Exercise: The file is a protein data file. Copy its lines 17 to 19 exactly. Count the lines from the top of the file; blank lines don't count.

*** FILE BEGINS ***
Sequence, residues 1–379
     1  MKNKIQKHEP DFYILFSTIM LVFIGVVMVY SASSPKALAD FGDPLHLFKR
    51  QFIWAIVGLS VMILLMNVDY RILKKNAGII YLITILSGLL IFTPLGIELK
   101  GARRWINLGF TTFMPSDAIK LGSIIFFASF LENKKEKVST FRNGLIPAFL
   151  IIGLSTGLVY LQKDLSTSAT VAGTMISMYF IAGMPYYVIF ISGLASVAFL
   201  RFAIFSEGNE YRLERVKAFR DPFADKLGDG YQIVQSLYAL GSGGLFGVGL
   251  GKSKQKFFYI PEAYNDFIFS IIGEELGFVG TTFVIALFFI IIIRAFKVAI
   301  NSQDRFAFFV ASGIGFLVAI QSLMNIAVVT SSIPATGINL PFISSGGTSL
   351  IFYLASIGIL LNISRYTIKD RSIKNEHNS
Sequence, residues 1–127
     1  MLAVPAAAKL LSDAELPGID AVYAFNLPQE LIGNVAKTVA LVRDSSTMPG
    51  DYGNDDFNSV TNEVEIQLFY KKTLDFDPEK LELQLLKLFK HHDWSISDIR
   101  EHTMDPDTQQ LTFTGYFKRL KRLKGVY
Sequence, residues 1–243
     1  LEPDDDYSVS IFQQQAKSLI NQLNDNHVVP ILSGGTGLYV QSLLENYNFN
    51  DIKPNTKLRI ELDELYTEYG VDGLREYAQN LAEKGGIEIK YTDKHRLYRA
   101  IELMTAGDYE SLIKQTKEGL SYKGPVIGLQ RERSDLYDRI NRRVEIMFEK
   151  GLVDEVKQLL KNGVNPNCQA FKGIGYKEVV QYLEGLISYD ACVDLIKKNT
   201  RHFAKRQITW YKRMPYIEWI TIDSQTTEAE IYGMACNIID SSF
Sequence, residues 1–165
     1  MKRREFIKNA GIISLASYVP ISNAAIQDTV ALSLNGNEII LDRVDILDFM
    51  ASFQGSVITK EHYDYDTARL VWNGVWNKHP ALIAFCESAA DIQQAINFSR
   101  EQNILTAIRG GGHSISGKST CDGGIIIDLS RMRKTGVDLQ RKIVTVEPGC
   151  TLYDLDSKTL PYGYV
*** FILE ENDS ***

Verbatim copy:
   101  IELMTAGDYE SLIKQTKEGL SYKGPVIGLQ RERSDLYDRI NRRVEIMFEK
   151  GLVDEVKQLL KNGVNPNCQA FKGIGYKEVV QYLEGLISYD ACVDLIKKNT
   201  RHFAKRQITW YKRMPYIEWI TIDSQTTEAE IYGMACNIID SSF